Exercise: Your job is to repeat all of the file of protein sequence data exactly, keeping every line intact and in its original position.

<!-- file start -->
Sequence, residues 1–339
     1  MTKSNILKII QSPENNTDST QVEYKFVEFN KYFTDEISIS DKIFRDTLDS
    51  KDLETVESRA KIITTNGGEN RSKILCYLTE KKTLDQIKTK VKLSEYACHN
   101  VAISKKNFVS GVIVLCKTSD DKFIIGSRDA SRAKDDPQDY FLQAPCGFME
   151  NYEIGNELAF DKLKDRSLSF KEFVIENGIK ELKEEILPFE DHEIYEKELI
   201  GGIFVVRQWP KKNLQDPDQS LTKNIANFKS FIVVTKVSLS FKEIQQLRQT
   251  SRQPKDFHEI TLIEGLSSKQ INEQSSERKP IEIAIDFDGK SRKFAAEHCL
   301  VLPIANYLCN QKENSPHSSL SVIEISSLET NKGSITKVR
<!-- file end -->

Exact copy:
Sequence, residues 1–339
     1  MTKSNILKII QSPENNTDST QVEYKFVEFN KYFTDEISIS DKIFRDTLDS
    51  KDLETVESRA KIITTNGGEN RSKILCYLTE KKTLDQIKTK VKLSEYACHN
   101  VAISKKNFVS GVIVLCKTSD DKFIIGSRDA SRAKDDPQDY FLQAPCGFME
   151  NYEIGNELAF DKLKDRSLSF KEFVIENGIK ELKEEILPFE DHEIYEKELI
   201  GGIFVVRQWP KKNLQDPDQS LTKNIANFKS FIVVTKVSLS FKEIQQLRQT
   251  SRQPKDFHEI TLIEGLSSKQ INEQSSERKP IEIAIDFDGK SRKFAAEHCL
   301  VLPIANYLCN QKENSPHSSL SVIEISSLET NKGSITKVR